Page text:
Salt Leaching Methods: Tips On Leaching Indoor Plants

by johnah on November 18, 2020

Salt Leaching Methods: Tips On Leaching Indoor Plants

The most common method of salt leeching is through the use of a sponge or other porous material placed inside the potting mixture. The sponge absorbs the excess liquid and then drains out into a container such as a bucket or another sponged container.

A sponge can be used to drain off excess water during watering, but it will not work if there are no holes in the pots.

Another way to do it is to place a piece of plastic wrap over the top of the potting mix and put the sponges inside that. Then fill up your buckets with water and leave them outside until they get full.

When you want to refill, just take some of these buckets and pour water on the sponges so that they soak up all the liquid. If you have a large amount of plants, you may need several buckets filled with water. You could even try placing a few pieces of wood or rocks around the base of the pots to keep them from sinking.

In either case, make sure you don’t let any water run down into the bottom of the pots! Otherwise, you’ll end up with salt build-up in those areas.

If you’re concerned about getting too much salt in your soil, consider using a different type of potting mix. There are special types that are designed to help conserve moisture and keep the salt out of the soil.

Some people even swear by using sand instead of soil.

There are also different plants that can handle higher levels of salt. Just make sure that you don’t add too much salt to your soil or else it will kill them just as quick!

You may want to put a few shells in with your pots–this is also said to help keep the salt out of the soil.

As always, make sure you follow the directions on your fertilizer. Some types of fertilizer already contain salts and adding more will just make things worse.

Be especially careful when using liquid types, as these can be more potent.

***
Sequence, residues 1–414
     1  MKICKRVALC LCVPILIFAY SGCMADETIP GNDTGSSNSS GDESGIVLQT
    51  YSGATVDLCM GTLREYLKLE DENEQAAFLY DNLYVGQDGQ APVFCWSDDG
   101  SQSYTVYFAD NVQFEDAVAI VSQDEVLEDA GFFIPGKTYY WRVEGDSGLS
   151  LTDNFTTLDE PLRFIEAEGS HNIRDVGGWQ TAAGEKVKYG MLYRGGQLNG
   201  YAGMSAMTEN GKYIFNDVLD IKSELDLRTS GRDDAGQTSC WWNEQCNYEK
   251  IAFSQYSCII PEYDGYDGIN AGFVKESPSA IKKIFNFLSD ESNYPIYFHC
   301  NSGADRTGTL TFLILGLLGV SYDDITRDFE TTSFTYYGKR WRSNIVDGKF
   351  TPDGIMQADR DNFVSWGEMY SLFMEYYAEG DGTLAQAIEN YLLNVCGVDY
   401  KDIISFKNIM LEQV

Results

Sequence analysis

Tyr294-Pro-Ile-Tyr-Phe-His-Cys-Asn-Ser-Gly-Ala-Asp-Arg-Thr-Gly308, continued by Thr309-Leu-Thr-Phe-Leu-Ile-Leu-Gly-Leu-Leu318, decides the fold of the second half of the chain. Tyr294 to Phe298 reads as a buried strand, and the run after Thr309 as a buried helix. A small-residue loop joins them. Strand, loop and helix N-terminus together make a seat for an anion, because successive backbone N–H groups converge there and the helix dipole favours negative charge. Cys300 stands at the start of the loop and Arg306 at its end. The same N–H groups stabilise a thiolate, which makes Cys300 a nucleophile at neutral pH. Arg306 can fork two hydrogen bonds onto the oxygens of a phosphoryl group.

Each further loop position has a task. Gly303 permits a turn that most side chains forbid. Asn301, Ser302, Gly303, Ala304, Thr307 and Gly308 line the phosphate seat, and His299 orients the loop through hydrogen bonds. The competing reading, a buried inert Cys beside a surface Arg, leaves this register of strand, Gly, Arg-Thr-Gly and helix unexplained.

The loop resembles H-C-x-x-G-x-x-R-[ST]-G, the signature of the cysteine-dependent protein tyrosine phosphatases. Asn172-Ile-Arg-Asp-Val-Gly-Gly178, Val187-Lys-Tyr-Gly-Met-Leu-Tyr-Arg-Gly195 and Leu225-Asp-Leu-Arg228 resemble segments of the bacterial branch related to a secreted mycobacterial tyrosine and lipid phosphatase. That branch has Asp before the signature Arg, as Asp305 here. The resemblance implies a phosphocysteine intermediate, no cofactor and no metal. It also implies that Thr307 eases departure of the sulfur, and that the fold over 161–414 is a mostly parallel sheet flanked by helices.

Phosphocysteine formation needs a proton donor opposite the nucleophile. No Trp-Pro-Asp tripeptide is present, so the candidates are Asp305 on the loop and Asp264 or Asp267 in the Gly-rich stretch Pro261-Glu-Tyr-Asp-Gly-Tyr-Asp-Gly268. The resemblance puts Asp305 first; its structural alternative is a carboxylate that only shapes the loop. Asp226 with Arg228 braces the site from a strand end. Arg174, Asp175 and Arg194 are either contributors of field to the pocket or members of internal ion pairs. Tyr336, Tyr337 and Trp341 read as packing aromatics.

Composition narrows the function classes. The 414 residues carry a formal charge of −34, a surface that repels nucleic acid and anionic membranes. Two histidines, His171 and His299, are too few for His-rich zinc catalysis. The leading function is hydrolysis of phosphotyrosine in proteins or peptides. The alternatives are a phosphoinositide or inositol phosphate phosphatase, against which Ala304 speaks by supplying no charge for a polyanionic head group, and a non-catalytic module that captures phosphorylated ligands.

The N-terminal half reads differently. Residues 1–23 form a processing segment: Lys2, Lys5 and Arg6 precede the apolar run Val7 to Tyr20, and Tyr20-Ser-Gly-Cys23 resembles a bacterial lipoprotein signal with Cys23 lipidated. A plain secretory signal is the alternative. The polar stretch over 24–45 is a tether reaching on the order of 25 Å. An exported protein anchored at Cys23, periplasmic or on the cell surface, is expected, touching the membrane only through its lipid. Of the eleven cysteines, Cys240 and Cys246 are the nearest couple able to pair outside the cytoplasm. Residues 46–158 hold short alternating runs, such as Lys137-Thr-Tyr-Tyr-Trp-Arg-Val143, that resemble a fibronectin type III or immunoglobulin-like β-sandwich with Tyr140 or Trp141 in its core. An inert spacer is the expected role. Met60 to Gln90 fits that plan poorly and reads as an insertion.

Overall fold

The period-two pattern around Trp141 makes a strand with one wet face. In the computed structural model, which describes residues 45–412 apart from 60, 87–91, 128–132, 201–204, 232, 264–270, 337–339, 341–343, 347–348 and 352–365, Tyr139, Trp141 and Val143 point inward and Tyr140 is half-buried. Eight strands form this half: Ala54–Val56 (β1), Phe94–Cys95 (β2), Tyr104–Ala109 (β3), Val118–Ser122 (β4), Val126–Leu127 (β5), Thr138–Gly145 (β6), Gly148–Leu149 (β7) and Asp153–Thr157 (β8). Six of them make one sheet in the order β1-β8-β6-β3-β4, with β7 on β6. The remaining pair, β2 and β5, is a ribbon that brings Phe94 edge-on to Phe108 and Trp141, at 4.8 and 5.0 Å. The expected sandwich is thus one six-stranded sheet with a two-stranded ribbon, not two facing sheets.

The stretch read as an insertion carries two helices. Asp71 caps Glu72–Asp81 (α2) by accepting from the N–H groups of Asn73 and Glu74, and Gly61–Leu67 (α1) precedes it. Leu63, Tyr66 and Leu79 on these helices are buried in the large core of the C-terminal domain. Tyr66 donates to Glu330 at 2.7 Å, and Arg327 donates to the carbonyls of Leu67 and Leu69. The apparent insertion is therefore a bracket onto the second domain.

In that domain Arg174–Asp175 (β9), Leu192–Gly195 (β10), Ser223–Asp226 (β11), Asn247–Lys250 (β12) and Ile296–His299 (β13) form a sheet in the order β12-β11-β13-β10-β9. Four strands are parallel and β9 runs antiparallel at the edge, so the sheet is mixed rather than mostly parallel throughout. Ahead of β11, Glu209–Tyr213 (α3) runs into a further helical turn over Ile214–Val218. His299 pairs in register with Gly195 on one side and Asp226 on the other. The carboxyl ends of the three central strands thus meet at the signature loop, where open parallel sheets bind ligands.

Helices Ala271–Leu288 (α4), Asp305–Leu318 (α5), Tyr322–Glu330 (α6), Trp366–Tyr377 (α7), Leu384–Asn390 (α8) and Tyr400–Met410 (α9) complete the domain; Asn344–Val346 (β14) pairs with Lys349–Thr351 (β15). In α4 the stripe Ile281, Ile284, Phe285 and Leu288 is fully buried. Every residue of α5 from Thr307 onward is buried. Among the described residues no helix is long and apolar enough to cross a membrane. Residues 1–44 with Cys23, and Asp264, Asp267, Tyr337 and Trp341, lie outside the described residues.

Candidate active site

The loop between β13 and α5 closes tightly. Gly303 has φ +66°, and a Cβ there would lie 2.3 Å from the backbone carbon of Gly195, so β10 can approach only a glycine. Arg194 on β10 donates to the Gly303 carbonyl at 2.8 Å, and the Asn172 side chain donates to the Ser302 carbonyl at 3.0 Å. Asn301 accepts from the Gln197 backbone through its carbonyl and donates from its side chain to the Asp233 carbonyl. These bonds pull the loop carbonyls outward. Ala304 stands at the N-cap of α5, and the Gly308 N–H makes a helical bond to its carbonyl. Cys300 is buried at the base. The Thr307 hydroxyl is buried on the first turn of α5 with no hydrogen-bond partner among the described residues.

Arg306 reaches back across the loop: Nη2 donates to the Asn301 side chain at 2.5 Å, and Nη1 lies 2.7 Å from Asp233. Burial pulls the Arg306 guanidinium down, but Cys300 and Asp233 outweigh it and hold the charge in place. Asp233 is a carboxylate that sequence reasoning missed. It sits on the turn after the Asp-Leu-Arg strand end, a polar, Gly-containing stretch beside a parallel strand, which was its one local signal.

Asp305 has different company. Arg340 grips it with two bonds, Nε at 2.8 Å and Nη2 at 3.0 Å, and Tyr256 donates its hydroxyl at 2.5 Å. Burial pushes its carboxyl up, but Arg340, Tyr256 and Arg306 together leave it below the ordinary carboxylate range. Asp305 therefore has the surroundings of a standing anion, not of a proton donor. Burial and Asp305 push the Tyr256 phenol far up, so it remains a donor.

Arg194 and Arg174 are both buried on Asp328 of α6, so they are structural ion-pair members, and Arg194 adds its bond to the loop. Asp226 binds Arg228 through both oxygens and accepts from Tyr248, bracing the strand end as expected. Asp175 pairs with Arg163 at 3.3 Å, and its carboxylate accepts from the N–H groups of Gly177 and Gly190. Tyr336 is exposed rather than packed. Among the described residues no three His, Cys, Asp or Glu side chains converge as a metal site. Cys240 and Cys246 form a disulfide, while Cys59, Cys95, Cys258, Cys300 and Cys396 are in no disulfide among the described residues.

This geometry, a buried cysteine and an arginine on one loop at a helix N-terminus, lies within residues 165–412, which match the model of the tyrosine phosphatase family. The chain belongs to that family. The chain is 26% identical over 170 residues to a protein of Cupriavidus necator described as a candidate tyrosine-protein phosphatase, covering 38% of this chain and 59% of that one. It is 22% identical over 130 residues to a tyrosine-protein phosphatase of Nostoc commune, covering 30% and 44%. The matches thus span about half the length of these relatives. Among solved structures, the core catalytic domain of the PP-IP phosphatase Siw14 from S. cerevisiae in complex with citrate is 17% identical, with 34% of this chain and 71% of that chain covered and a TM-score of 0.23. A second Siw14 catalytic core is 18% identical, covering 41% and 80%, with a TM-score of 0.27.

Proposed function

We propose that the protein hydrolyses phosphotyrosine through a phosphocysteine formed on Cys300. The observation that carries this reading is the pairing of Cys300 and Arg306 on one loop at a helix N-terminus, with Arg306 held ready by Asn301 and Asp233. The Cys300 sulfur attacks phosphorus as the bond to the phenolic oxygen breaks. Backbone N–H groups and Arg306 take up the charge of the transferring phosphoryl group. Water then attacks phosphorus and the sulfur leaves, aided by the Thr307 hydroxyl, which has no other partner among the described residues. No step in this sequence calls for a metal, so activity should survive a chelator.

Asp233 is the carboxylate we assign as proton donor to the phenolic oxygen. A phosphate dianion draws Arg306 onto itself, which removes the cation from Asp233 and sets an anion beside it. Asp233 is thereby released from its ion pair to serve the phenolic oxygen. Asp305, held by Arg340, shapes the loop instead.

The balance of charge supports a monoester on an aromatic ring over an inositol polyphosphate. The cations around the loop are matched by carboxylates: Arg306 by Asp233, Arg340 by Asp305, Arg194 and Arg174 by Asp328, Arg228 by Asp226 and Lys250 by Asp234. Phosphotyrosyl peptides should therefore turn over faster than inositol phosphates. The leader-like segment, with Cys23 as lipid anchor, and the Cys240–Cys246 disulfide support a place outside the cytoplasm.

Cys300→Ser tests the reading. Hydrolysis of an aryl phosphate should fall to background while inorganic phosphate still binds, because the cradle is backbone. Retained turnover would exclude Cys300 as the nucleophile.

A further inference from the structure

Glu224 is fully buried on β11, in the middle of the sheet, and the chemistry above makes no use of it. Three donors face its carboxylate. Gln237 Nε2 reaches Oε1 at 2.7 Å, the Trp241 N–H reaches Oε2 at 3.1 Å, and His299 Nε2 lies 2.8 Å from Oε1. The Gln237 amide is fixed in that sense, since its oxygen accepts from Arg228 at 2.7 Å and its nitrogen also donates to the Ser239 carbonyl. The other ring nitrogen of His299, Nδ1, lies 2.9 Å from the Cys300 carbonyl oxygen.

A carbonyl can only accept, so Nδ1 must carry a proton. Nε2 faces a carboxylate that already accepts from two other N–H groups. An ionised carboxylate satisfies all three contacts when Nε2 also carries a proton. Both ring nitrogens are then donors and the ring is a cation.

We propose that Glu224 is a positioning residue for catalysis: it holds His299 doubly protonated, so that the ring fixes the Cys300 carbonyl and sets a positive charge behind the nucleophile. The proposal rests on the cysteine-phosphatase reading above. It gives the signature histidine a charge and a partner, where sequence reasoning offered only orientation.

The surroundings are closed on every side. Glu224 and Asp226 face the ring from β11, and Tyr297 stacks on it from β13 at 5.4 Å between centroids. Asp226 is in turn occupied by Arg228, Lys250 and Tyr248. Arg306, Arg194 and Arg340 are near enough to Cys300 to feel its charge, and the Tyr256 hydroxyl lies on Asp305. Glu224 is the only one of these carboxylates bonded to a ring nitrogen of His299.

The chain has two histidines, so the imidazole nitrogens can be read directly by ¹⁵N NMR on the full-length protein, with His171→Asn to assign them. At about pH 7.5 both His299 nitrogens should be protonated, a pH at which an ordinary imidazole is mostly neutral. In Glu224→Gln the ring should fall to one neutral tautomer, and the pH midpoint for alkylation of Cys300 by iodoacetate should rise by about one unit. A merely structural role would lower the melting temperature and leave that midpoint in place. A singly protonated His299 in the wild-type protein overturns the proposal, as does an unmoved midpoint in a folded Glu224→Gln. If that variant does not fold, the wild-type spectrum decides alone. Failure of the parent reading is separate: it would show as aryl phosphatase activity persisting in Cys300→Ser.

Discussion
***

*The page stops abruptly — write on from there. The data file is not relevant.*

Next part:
Did You Know?

As it turns out, most plants don’t have taste receptors so they can’t actually taste their food! Instead, they rely on other senses like smell and texture to determine if something is edible or not.

You can sometimes see white crystals on the leaves of your plants. These are nothing to worry about and are actually a good sign.

They’re called gutta and they act as a protective coating and sunscreen for the plant to keep it from getting too much sun or moisture. To remove them, just wipe them off with a damp cloth.

A lot of people believe that plants grow better in their natural environment. While it is true that plants grow better when they are in conditions similar to their natural ones, you can still enjoy them in your own home–as long as you take care of them properly!

Important Tip!

If you’re using a terra cotta pot, make sure you don’t over water! These pots tend to dry out much quicker than others so be careful not to drown your poor plants.

If you’re worried about over watering, try using pebbles instead. They can help your plants get the moisture they need while still helping to maintain a drier environment.

Be sure to check back next month for more gardening tips brought to you by Whole Foods.

This message has been paid for by Whole Foods.

Page 6

Smoking Slang

It’s a very common mistake for non-smokers to assume that everyone who smokes does so in the traditional sense–that is, using tobacco. In reality, smoking can refer to any number of activities, some legal and some not-so-legal.

This list will explain some of these terms so that you’ll be able to keep up with your friends in the future.

Amped: Feeling excited, especially due to doing drugs. For example: “After I popped my X, I was totally amped for the rest of the night.”

Bhang: The Hindu word for Indian hemp, which comes from a plant in the cannabis family.

Blow/Blowing Smoke: A slang term for smokeable drugs in general, not just tobacco.

Sources & references used in this article:

The leaching of substances from plants by HB Tukey Jr – Annual review of plant physiology, 1970 –

Integrated Operation of Ferric Chloride Leaching, Molten-Salt Electrolysis Process for Production of Lead by MM Wong – 1983 –

Leaching requirement studies: sensitivity of alfalfa to salinity of irrigation and drainage waters by L Bernstein, LE Francois – Soil Science Society of America …, 1973 – Wiley Online Library

Interactions of plant zinc and plant species on the bioavailability of plant cadmium to Japanese quail fed lettuce and spinach by IM McKenna, RL Chaney, SH Tao, RM Leach Jr… – Environmental …, 1992 – Elsevier



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